WHY DO I NEED A WILL?
This is the question most people ask. Writing a Will goes beyond making easier for family and friends to sort out a deceased testators property. Below are some valuable reasons on why you need a Will that I have gathered from my years of practice.
- Writing a will allows the testator choose people he wants as his personal representatives, executors and trustees. But if he dies intestate (without a Will) administrators will be appointed by the court or family members in which case he might not have agreed to.
- It is cheaper to administer the estate of a deceased who died leaving a Will than a deceased who dies intestate. This is because a grant of administration involves the additional expenses of a bond and sureties.
- A testator may by his Will appoint a guardian for his children that he trust.
- A testator may disinherit any person according to his desires subject to any rule he is to be subjected to. But if he dies intestate, his property is shared by native laws and custom even to those he might not want to inherit them.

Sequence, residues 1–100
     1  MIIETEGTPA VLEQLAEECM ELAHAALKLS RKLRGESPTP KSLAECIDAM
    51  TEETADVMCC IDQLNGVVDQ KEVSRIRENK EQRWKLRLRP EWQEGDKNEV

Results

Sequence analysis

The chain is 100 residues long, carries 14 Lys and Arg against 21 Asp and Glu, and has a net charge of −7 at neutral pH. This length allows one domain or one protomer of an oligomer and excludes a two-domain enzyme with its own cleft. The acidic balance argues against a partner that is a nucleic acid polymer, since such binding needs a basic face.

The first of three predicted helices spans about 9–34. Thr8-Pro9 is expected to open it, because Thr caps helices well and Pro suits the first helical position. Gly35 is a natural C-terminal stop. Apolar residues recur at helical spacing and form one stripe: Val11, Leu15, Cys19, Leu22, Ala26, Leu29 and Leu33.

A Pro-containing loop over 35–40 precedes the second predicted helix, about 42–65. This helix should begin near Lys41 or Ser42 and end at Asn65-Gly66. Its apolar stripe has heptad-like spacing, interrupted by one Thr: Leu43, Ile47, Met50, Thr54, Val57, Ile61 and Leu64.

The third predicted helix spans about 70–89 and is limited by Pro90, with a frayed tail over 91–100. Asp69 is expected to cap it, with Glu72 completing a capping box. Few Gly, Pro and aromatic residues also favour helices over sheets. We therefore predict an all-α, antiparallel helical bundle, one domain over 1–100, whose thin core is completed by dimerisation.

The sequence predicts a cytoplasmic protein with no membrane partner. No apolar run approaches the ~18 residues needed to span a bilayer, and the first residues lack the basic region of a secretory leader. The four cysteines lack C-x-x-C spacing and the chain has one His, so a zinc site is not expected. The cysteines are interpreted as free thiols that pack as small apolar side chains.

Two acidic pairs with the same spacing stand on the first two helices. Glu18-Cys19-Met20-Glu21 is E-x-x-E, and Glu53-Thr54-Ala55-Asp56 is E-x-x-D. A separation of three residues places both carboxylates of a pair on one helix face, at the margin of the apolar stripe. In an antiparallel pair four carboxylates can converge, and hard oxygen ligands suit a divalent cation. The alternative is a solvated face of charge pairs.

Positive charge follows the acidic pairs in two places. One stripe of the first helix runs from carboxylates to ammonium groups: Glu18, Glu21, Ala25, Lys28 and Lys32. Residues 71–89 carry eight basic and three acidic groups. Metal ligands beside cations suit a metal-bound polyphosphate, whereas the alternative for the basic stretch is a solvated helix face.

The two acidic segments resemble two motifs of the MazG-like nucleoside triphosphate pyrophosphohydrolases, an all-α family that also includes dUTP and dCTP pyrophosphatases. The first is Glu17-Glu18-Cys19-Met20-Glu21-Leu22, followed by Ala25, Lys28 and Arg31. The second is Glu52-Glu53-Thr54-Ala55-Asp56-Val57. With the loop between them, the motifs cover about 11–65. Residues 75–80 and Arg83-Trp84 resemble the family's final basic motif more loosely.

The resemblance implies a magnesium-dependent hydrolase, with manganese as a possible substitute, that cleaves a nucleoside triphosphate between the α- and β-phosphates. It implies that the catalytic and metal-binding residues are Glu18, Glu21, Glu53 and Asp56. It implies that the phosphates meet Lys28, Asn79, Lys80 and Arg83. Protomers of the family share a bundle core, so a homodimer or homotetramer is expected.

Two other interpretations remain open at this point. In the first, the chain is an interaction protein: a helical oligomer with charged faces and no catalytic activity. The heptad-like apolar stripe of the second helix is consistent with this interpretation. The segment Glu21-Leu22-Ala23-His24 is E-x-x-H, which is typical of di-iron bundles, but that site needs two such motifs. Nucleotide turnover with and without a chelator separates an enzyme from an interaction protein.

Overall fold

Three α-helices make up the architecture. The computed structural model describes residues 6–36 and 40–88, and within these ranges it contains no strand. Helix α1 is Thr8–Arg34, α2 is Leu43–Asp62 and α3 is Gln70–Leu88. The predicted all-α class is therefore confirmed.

- Writing a will is especially important if a testator have children or other family who depend on you financially, it allow a testator leave them with something to survive with outside the family.
- A deceased person may choose to leave a gift for people outside his relation or for charity in his Will. But this might not be possible if such deceased person did not have a Will.
- A will reduces the incidence of conflict which arises when sharing a deceased person’s estate among family members.
Most people can write a simple Will without a lawyer, but in some situations, writing of a Will requires the help of a lawyer. In my years of practice, majority of the conflict that arise during distribution of a deceased property is usually because it was not professionally done by a lawyer. Creating a formal, typed document is less likely to cause trouble after the death of the testator.
If you have not written your Will, think of doing so.